In-situ Measurements.- Characterization of Pigments Used in Ancient Egypt.- Importance of in-situ EDXRF Measurements in the Preservation and Conservation of Material Culture.- Scientific Field Research in Egypt.- Use of Ion Beam.- Ion Beam Techniques for the Non-destructive Analysis of Archaelogical Materials.- The Origin of Ancient Gemstones Unveiled by PIXE, PIGE and ?-Raman Spectrometry.- Investigations of Medieval Glass by a Combined PIXE/PIGE Method.- PIXE Analysis of Pre-Hispanic Items from Ancient America.- PIXE Study on Chinese Underglaze-Red Porcelain Made in Yuan Dynasty.- Glassmaking in the Venetian Manner.- Studies on Pigments for Ancient Ceramics and Glass Using X-ray Methods.- Compositional Differences of Blue and White Porcelain Analyzed by External Beam PIXE.- Use of Synchroton Radiation.- New Trend in Application of Synchrotron Radiation-Induced X-ray Fluorescence Analysis to Archaeology.- Synchrotron Radiation in Archaeological and Cultural Heritage Science.- Study of the Elemental Distribution in Ancient Chinese Porcelain Using Synchrotron Radiation X-ray Fluorescence.- Study on the Compositional Differences among Different Kilns' Tang Sancai by SRXRF.- Study of Chemical Composition in Ancient Celadon of Yue Kiln.- Radiography.- The Use of Medical Computed Tomography (CT) Imaging in the Study of Ceramic and Clay Archaeological Artifacts from the Ancient Near East.- The Radiographic Examinations of the "Guardian Statues" from the Tomb of Tutankhamen.- Analytical Study of Paintings by X-ray Radiography and Spectroscopy.- Radiographic Findings in Ancient Egyptian Mummies.- Interdisciplinary Field between Art and Science.- X-ray Application on on Post-Amarna Objects from Dahshur.- Decorative Program at Malqata Palace, Egypt.- X-ray Archaeology in China.- The Relationship between Arts and Sciences in the Field of Archaeology: from Cooperation to a Truly Equal Partnership.- Color Plates.
The application of X-rays to objects of archaeology and the attempt to gain insight into both construction and chemical composition in a non-destructive manner date back to the days of the discovery of radiation. Nowadays, X-ray techniques, such as X-ray fluorescence and diffraction are standard tools.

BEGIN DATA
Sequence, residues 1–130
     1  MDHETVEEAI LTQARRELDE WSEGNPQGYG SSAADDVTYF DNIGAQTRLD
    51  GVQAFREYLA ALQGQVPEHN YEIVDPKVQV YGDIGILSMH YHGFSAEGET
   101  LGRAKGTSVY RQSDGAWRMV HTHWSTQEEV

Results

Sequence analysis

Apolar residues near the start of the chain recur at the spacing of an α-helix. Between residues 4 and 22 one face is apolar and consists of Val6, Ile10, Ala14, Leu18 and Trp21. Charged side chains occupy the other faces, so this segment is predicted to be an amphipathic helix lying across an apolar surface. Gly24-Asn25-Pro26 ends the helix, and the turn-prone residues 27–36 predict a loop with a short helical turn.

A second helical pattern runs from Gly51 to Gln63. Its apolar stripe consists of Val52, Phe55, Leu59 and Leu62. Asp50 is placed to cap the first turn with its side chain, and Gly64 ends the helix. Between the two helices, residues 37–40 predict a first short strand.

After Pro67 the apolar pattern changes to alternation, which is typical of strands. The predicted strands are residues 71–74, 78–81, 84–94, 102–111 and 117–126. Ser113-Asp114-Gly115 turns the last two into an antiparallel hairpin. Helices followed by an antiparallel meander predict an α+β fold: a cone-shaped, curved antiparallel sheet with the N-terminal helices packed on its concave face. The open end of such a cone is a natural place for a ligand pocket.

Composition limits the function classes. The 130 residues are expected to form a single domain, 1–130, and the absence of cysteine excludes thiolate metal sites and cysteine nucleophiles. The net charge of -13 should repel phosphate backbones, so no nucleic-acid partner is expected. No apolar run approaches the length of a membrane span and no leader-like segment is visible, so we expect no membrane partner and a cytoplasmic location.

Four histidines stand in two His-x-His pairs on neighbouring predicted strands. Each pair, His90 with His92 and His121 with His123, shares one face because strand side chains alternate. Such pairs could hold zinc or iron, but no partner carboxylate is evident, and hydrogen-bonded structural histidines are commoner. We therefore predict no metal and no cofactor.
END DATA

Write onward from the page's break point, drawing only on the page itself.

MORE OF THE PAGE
The book contains scientific data, i.e. in situ measurement data taken with portable XRF and XRD, and fine data taken with accelerating ion beams and synchrotron radiations, and with their explanation. Results obtained by traditional scientific methods are also reviewed. The book contains experimental data taken both from monuments in the field and exhibits in museums, i.e. ancient Egyptian wall painting pigments, ancient Egyptian wooden statues, ancient Egyptian mummies, ancient Greek funerary monuments, Cypriot ceramics, Medieval, Lyubliana and Venetian glass, Romanian ceramics, ancient Near East clay, old Japanese porcelain, pre-Hispanic items from ancient America, ancient Chinese underglaze-red, blue and white porcelain, Chinese celadon, Phoenician cosmetics, glazes, ancient gold and silver coins, gold jewelleries, gold alloys, corroded metals, gemstones (ruby, emerald and garnet), painting pigments, pottery, bronze, obsidian, stucco, turquoise, and so on. This discussion between natural scientists and archaeologists predicts the future direction of archaeology.
An up-to-date reference on the use of x-rays in archaeology by leading scientists in the field
Contains 70 black and white and 10 colour photographs
Where the natural sciences and archaeology meet